The economy is strong, but a sharp eye needs to be kept on the sub-prime crisis. This is the message from the Reserve Bank of Australia as it decides to keep the basic cash interest rate unchanged at 6.75%.
In a statement accompanying the decision – the first time such a statement has been made when the RBA has maintained the status quo – Governor Glenn Stevens acknowledges that the RBA board is “concerned” about the outlook for inflation.
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But, he says, widespread uncertainty about the impact of the international financial crisis on the Australian economy and the likelihood that banks will have to pass on further increased costs of borrowing to business and consumer borrowers will keep a lid on demand levels.
“Given the heightened uncertainty about the international outlook and the local trends in wholesale borrowing costs, both of which could have a bearing on inflation over the medium term, it [the RBA board] judged that the current stance of monetary policy should be maintained for the time being,” Stevens says.
The continuing strength of the Australian economy is highlighted in national account data released today showing that GDP increased 1% in the September quarter, in line with expectations.
The Australian economy has now grown 4.3% in the year to September, a three year high and almost twice the pace of this time in 2006.
The main contributors to the increase in expenditure on GDP were household final consumption expenditure of 0.7% and exports of goods and services at 0.5%, while the biggest negative contribution came from imports of goods and services.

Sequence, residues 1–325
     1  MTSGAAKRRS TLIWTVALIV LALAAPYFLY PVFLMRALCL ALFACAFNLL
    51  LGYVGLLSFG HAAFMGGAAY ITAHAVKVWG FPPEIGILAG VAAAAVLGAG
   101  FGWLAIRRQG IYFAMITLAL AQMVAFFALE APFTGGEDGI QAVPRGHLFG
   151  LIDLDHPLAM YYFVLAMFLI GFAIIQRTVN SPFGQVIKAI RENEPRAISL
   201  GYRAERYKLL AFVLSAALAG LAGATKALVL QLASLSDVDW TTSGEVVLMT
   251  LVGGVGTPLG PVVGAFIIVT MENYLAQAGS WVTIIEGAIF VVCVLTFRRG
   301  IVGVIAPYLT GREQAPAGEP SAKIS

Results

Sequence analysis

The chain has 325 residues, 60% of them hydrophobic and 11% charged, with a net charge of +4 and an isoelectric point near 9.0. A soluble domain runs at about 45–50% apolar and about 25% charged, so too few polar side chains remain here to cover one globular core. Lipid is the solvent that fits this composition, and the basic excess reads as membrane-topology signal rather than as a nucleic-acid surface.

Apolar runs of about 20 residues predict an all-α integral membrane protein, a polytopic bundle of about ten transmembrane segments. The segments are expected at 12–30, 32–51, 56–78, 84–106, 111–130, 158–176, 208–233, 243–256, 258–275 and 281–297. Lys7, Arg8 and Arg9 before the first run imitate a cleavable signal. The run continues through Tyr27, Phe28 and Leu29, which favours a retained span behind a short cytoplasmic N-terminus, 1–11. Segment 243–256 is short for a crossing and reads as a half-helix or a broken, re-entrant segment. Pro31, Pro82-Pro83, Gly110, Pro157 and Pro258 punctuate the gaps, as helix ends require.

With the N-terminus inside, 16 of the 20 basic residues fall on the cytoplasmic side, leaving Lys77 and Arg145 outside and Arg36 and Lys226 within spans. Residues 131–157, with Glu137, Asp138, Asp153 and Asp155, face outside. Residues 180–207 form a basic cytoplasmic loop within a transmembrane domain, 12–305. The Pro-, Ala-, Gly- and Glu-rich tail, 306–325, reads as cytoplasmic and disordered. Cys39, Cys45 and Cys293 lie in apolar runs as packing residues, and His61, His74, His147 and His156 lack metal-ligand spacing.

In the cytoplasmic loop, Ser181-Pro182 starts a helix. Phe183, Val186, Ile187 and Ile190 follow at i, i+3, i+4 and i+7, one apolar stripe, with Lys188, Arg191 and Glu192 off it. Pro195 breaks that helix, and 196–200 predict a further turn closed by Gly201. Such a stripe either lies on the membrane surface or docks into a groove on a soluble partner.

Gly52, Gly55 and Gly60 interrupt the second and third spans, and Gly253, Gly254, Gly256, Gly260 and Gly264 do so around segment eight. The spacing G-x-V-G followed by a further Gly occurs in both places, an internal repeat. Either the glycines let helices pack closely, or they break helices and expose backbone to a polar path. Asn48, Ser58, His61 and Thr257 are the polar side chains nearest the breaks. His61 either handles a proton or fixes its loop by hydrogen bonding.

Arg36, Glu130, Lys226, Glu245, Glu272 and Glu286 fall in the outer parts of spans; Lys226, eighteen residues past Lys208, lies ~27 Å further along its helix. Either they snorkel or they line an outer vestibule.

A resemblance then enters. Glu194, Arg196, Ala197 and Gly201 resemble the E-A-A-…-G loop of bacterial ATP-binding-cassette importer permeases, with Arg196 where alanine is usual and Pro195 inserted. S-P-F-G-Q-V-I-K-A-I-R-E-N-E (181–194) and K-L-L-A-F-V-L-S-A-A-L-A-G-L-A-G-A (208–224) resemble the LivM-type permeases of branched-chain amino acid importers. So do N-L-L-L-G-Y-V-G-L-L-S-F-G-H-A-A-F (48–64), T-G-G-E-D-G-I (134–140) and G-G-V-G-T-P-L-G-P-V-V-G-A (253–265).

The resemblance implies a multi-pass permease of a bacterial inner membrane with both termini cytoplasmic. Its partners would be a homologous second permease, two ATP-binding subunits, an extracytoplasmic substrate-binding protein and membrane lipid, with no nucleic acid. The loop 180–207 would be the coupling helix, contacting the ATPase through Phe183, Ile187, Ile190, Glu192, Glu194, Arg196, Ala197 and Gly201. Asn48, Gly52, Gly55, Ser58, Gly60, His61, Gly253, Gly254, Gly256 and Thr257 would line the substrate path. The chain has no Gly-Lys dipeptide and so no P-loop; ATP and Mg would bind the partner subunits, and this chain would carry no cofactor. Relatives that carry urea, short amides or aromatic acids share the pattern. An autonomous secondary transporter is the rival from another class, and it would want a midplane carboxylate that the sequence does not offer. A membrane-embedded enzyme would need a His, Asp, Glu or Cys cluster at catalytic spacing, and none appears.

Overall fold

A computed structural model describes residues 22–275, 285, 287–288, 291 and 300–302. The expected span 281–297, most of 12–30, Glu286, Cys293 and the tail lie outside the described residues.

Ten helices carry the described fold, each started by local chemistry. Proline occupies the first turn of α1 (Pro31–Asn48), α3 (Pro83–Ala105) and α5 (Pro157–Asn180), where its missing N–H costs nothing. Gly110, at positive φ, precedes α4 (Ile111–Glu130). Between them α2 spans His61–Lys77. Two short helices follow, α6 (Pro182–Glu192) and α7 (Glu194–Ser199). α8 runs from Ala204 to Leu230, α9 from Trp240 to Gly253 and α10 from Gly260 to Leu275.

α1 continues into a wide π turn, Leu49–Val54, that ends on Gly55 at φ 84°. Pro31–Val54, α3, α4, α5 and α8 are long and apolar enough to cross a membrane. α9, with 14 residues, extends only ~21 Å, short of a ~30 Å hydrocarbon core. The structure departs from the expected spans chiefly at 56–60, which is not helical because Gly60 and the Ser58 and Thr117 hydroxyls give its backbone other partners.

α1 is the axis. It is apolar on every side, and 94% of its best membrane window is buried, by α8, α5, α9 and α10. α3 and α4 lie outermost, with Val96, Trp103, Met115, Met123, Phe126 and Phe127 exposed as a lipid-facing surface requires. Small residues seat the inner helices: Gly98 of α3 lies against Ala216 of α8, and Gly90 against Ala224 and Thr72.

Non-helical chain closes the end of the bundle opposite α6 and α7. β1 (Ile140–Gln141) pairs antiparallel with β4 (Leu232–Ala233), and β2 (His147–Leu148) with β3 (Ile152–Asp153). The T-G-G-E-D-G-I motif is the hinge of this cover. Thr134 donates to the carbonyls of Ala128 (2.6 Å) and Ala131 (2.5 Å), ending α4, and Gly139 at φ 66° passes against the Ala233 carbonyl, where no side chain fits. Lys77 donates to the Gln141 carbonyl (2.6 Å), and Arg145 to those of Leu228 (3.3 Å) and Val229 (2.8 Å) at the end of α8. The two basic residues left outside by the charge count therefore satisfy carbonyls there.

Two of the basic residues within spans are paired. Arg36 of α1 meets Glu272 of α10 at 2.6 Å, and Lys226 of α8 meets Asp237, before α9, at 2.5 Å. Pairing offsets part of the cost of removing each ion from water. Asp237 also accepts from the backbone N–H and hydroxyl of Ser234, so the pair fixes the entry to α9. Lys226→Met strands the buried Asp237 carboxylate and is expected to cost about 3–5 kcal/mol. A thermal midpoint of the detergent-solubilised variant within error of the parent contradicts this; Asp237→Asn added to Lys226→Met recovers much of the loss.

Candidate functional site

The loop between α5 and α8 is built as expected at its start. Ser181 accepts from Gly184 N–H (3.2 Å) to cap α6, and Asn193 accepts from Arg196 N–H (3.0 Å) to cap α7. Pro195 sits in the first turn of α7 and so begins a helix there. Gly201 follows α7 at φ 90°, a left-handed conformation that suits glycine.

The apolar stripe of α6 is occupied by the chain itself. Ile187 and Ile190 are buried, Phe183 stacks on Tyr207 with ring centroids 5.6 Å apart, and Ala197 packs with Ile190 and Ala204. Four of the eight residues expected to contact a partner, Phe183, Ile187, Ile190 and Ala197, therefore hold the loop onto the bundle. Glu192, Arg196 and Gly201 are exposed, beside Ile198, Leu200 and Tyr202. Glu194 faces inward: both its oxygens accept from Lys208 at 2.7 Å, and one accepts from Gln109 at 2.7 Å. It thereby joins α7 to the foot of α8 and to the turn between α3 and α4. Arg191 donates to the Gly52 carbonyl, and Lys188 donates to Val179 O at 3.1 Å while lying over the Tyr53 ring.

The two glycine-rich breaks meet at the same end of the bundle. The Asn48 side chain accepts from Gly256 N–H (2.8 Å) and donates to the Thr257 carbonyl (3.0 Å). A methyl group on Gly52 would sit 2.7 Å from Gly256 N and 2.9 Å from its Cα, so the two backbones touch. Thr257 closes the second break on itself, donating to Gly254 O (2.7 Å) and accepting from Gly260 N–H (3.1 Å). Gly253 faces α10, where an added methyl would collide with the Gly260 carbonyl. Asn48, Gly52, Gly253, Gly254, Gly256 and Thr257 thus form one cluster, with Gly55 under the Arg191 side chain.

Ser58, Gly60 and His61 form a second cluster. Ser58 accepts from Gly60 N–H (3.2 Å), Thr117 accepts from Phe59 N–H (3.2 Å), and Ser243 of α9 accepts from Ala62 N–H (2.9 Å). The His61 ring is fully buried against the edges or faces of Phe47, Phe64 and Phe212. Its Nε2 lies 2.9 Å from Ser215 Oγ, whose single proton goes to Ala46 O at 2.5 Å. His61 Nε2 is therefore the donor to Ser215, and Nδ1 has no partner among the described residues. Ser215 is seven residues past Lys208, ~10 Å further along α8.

Further signs of economic strength can also be seen in new Federal Chamber of Automotive Industries figures released today showing the number new cars sold increased 10.5% in November to 83,297. Over 960,000 cars have now been sold in the year to November, up 8.8% on 2006.
And the services sector also grew in November, with the Australian Industry Group – Commonwealth Bank performance of services index recording a rise of 3.2 points to 56.4, well above the 50 point line separating growth from contraction.
“The November results reveal robust growth outcomes right across the services sector, with eight of the nine sub-sectors recording an expansion in activity, as well as improvements in each state excluding NSW,” AiG chief executive Heather Ridout says.
On the markets today, at 12.10pm the S&P/ASX200 is down 0.5% on yesterdays close to 6498.6, following a weak lead from US markets overnight. The Australian dollar is trading at 87.01c, down on yesterday’s 87.55c close.